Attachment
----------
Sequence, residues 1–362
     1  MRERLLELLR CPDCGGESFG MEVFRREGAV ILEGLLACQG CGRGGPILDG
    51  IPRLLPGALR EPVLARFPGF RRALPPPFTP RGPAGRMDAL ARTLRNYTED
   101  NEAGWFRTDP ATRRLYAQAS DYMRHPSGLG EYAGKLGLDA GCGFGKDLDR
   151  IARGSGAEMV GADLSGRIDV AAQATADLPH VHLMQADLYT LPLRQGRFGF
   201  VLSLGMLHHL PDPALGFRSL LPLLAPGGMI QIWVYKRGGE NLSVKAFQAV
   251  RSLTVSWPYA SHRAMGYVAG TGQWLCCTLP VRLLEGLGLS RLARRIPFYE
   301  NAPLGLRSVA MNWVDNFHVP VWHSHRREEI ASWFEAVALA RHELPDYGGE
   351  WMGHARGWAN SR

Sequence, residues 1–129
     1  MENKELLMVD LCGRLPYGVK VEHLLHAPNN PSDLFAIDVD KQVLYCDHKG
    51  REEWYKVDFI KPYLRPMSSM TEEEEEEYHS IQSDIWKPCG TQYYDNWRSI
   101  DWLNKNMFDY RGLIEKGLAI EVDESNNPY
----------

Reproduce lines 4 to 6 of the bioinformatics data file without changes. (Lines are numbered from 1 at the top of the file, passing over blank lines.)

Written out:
   101  NEAGWFRTDP ATRRLYAQAS DYMRHPSGLG EYAGKLGLDA GCGFGKDLDR
   151  IARGSGAEMV GADLSGRIDV AAQATADLPH VHLMQADLYT LPLRQGRFGF
   201  VLSLGMLHHL PDPALGFRSL LPLLAPGGMI QIWVYKRGGE NLSVKAFQAV